Our virtual tasting of the wines of Mont Redon was a very special one. Last July when visiting Mont Redon, Pierre and I spoke about a visit to New Zealand. His first and something he was very much hoping to achieve in 2020. By late 2019 everything was set, and the samples sent to New Zealand in good time. The next part of the story is as you’d expect, Covid19, lock down in New Zealand and the trip was cancelled. So, with the wine here in New Zealand and a few virtual tastings under our belt, we invited Pierre to join us online to present via Zoom, the tasting he’d planned.
The tasting started with the excellent rose Saint Max. The label a new addition to the Mont Redon range, the 2019 Cote du Provence replacing the previous Riotor Rose that Mont Redon sold. Vibrant aromatic and very pleasing. Next, we turned our attention to Cote du Rhone, Blanc and Rouge. Both from the 2018 vintage, which Pierre was quick to point out was affected by rain near harvest. He worried about dilution in the wine, tasting what was in our glasses, he need not. The Blanc is Viognier dominant, the red a traditional Grenache, Syrah, Mourvèdre blend. We then tasted the 2018 Mont Redon Gigondas, not yet available in New Zealand (due September 2020), Pierre has been searching for some years to find a vineyard to buy in this cru. Not yet able to, he has managed to secure fruit from an organically farmed vineyard. A completely different style to the Chateauneuf du Pape, described well by Pierre as being more rustic. What a wine, we can’t wait for this to arrive on our shelves. That was flight one done and dusted.
Flight two was all about Chateauneuf du Pape, starting with the Blanc. The style of Chateauneuf du Pape sits in two camps, no oak and all about purity, which Pierre described as being like a great German or French Riesling, the acidity and precision key. The other style is oaked, a broader richer style, more like a French chardonnay. Mont Redon’s Chateauneuf du Pape Blanc is in the first style, no oak, described on the night aptly as concise and precise.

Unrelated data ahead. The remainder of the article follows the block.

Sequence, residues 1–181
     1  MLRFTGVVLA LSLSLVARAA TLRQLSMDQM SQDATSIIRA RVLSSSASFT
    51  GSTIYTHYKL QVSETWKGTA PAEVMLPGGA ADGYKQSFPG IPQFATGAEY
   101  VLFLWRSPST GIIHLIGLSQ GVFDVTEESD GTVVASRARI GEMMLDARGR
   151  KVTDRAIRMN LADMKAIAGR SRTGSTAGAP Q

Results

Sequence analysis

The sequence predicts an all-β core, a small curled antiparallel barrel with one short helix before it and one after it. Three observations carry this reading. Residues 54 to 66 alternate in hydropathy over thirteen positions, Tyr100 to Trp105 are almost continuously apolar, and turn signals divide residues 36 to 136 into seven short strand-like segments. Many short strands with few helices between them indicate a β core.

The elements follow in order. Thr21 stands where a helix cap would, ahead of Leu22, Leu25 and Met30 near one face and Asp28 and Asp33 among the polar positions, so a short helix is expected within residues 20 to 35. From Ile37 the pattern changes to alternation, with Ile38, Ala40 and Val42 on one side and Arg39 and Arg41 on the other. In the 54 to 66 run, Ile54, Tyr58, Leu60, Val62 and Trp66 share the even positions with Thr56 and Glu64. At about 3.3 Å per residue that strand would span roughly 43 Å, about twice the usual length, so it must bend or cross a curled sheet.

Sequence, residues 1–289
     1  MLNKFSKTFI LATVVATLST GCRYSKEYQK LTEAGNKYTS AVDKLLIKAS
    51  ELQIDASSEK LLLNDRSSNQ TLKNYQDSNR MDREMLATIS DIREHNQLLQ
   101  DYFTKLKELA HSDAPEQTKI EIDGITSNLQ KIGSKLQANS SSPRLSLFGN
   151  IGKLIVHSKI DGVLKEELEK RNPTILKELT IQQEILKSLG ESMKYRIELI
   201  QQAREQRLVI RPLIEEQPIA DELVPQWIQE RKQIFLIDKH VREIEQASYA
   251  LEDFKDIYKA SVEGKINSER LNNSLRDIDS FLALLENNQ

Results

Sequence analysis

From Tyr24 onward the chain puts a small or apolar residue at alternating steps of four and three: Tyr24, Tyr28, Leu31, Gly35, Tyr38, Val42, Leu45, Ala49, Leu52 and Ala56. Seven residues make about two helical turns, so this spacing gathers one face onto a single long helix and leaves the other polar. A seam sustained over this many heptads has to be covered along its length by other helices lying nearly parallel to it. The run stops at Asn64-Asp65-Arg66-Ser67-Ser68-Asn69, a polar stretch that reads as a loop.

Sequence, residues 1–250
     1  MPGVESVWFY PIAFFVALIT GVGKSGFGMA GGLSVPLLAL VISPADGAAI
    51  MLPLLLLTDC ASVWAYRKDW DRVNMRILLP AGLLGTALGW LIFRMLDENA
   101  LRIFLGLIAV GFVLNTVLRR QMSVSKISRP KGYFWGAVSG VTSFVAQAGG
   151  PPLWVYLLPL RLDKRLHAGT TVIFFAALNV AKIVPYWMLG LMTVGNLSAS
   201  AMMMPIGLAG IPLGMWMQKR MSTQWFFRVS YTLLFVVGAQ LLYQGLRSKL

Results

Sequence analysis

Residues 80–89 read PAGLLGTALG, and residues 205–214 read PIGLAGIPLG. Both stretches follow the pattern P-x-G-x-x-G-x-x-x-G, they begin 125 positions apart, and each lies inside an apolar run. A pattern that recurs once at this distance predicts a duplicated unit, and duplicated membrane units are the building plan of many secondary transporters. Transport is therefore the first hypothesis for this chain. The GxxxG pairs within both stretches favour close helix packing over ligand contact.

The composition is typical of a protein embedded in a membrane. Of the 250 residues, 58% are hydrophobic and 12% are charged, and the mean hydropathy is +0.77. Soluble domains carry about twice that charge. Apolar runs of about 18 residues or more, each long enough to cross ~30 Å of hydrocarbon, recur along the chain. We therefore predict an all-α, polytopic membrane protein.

From the white we moved to a flight of three red Chateauneuf du Pape’s, starting with the two 2016 – Chateau Mont Redon and Le Plateau Mont Redon. Syrah takes the lead in both wines, joined in the first with a good portion of Grenache and Mourvèdre, rounded out with a mix of the other thirteen permitted varieties in the rhone. Le Plateau is Syrah and Grenache, the Mourvèdre in 2016 not making the cut. Both destemmed 100% and sorted through the optical sorter, Le Plateau a singular cuvee solely off the area with pebbles in the vineyard. The Chateau, the main cuvee from all three soil types on their one single estate.
The final wine was the 1989 Chateauneuf du Pape. Pierre had sent this to us to show how well Chateauneuf du Pape could age. He admitted to being a little nervous as to how it would stand up being prepared in small bottles for a virtual tasting, there was nothing to worry about, the samples were excellent and the wine sensational.
We then finished with a taste of Mont Redon’s Vieux Marc. Made from the distillation of the red Chateauneuf du Pape grapes after vinification. Once distilled, this marc is aged in new Cognac barrels of 365 liters for 12 years years before being bottled at the estate. What a wonderful way to finish an exquisite tasting.
A big thank you to Pierre for joining us all the way from Chateauneuf-du-Pape and to all those who joined us online.